the more striking, as the architecture of the ancient houses is of the same kind. William and I, with our English lady, reached first the appointed inn, though our friends had left the boat long before us. . . .
Ghent.-After tea, walked through the city. The buildings, streets, squares, all are picturesque. The houses, green, blue, pink, yellow, with richest ornaments still varying. Strange it is that so many and such strongly-contrasted colours should compose an undiscordant whole. Towers and spires overlook the lofty houses, and nothing is wanting of venerable antiquity at Ghent to give to the mind the same melancholy composure, which cannot but be felt in passing through the streets of Bruges-nothing but the impression that no change is going on, except through the silent progress of time. There the very dresses of the women might have been the same for hundreds of years. Here, though the black cloak is prevalent, we see a mixture of all kinds, from the dress of the English or French belle to that of the poorest of our poor in a country town. . . .
Saturday, July 15.-The architecture is a mixture of Gothic and Grecian. Three orders of pillars, one above another, the Gothic part very rich. . . . Multitudes of swallows were wheeling round the roof, regardless of carts and hammers, or whatever noise was heard below, and the effect was indescribably interesting. The restless motions and plaintive call of those little creatures seemed to impart a stillness to every other object, and had the power to lead the imagination gently on to the period when that once superb but now decaying structure shall be 'lorded over and possessed by nature.' . . .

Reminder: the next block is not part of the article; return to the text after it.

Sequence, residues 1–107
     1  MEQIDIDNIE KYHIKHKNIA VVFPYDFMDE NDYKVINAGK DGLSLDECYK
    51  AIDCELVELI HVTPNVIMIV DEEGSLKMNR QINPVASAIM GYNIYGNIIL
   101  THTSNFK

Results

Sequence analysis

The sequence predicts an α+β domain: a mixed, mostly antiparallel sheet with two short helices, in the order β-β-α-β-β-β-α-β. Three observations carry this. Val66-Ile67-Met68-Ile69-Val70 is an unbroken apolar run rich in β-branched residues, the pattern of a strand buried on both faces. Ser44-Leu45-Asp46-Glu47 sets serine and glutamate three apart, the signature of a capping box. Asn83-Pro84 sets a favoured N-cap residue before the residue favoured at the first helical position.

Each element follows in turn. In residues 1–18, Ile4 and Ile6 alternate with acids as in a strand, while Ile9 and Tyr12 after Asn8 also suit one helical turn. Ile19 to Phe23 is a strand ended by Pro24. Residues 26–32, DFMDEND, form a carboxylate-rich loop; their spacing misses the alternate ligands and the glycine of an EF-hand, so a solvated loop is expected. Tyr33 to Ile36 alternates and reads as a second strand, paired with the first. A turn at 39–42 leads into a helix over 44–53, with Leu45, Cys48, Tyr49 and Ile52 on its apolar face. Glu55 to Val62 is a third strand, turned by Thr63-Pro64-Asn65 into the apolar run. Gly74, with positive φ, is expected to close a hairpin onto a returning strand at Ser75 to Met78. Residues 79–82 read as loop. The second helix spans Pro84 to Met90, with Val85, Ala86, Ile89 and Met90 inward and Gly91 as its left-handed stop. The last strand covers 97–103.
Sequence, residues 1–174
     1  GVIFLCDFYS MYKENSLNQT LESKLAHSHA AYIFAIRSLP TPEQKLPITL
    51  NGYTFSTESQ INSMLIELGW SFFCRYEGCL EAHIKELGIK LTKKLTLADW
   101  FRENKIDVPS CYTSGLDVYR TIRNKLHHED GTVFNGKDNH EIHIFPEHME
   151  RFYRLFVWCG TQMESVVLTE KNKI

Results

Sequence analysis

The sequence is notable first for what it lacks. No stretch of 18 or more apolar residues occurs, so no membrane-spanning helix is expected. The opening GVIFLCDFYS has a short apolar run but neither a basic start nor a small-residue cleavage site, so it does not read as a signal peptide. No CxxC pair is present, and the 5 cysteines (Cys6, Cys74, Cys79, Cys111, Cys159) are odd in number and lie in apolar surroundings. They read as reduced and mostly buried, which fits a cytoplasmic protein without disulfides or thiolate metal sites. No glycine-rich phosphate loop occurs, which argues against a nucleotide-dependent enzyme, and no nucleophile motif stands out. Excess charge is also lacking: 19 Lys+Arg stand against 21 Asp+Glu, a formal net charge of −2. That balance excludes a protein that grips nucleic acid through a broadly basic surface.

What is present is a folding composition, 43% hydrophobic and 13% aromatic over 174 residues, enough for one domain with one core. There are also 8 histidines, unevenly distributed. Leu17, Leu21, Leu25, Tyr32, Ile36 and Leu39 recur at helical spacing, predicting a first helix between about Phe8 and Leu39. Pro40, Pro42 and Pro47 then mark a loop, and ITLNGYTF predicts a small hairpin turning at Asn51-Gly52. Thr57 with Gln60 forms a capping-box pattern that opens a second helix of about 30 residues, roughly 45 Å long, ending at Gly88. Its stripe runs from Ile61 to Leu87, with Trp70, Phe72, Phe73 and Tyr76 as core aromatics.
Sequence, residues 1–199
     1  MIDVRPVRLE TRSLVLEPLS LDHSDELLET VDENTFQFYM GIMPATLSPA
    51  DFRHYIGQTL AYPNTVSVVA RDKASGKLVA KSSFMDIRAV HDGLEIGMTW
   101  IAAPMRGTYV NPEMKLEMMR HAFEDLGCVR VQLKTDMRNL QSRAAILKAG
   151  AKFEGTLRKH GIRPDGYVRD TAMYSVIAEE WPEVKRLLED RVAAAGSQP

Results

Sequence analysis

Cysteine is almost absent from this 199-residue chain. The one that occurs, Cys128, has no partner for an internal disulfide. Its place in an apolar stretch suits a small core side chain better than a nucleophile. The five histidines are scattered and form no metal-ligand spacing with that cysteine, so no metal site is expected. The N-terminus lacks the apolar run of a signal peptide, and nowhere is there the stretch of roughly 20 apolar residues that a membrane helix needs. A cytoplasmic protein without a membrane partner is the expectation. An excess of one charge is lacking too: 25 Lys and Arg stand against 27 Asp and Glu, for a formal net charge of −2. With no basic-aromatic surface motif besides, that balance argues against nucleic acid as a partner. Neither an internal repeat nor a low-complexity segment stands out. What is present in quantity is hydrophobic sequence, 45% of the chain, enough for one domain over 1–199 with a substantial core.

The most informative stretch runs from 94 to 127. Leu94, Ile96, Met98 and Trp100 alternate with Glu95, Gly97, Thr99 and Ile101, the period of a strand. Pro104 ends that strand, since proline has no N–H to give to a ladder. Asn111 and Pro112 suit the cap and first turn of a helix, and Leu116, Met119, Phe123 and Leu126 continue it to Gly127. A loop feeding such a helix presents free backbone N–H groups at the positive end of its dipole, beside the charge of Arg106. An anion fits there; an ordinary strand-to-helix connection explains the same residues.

Arrival at Brussels.--Light and shade very solemn upon. the drawbridge. Passing through a heavy gateway, we entered the city, and drove through street after street with a pleasure wholly new to us. Garlands of fresh boughs and flowers in festoons hung on each side, and the great height of the houses,
especially in the narrow streets (lighted as they were), gave a beautiful effect to the exhibition. Some of the streets were very steep, others long or winding; and in the triangular openings at the junction of different streets there was generally some stately ornament. For instance, in one place a canopy, with white drapery attached to the centre, and suspended in four inverted arches by means of four pillars at the distance of six or seven yards from the centre.
Sunday, July 16th.-Brussels.-After breakfast, proceeded through the park, a very large open space with shady walks, statues, fountains, pools, arbours, and seats, and surrounded by palaces and fine houses-to the Cathedral, which, though immensely large, was so filled with people that we could scarcely make our way so as, by standing upon chairs (for which we paid two sous each), to have a view of the building over the multitudes of heads. The priests, at high mass, could not be seen; but the melody of human voices, accompanied by the organ, pierced through every recess -then came bursts of sound like thunder; and, at times, the solemn rousing of the trumpet. Powerful as was the effect of the music, the excessive heat and crowding after a short while overcame every other feeling, and we were glad to go into the open air. Our laquais de place conducted us to the house of a shop-keeper, where, from a room in the attics, we might view the procession. It was close to one of the triangular openings with which most of the streets of Brussels terminate. To the right, we looked down the street along which the procession was to come, and, a little to the left below us, overlooked the triangles, in the centre of which was a fountain ornamented with three marble statues, and a pillar in the midst, topped by a golden ball—the whole decorated with festoons of holly, and large roses made of paper, alternately red and yellow. In like manner the garlands were composed in all the streets through which the procession was to pass; but in some parts there were